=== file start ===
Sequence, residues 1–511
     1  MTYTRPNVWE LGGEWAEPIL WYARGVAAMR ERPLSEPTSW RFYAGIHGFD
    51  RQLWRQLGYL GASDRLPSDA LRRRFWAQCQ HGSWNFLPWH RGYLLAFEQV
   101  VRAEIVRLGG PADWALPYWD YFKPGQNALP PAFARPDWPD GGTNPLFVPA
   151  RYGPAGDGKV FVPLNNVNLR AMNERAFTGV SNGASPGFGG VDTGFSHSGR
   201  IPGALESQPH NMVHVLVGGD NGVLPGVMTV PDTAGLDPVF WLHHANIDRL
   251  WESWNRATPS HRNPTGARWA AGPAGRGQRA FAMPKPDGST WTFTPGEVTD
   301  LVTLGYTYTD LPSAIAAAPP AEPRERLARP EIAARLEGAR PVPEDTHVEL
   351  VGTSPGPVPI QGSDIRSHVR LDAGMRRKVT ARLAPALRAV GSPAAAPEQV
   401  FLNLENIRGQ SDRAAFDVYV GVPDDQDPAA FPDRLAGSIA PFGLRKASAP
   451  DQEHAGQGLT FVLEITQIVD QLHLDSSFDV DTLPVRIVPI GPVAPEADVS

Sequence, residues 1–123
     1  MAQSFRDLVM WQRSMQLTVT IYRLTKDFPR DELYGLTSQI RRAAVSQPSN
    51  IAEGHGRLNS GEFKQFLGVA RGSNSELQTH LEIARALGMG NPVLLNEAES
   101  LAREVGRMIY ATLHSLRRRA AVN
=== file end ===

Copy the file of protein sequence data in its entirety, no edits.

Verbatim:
Sequence, residues 1–511
     1  MTYTRPNVWE LGGEWAEPIL WYARGVAAMR ERPLSEPTSW RFYAGIHGFD
    51  RQLWRQLGYL GASDRLPSDA LRRRFWAQCQ HGSWNFLPWH RGYLLAFEQV
   101  VRAEIVRLGG PADWALPYWD YFKPGQNALP PAFARPDWPD GGTNPLFVPA
   151  RYGPAGDGKV FVPLNNVNLR AMNERAFTGV SNGASPGFGG VDTGFSHSGR
   201  IPGALESQPH NMVHVLVGGD NGVLPGVMTV PDTAGLDPVF WLHHANIDRL
   251  WESWNRATPS HRNPTGARWA AGPAGRGQRA FAMPKPDGST WTFTPGEVTD
   301  LVTLGYTYTD LPSAIAAAPP AEPRERLARP EIAARLEGAR PVPEDTHVEL
   351  VGTSPGPVPI QGSDIRSHVR LDAGMRRKVT ARLAPALRAV GSPAAAPEQV
   401  FLNLENIRGQ SDRAAFDVYV GVPDDQDPAA FPDRLAGSIA PFGLRKASAP
   451  DQEHAGQGLT FVLEITQIVD QLHLDSSFDV DTLPVRIVPI GPVAPEADVS

Sequence, residues 1–123
     1  MAQSFRDLVM WQRSMQLTVT IYRLTKDFPR DELYGLTSQI RRAAVSQPSN
    51  IAEGHGRLNS GEFKQFLGVA RGSNSELQTH LEIARALGMG NPVLLNEAES
   101  LAREVGRMIY ATLHSLRRRA AVN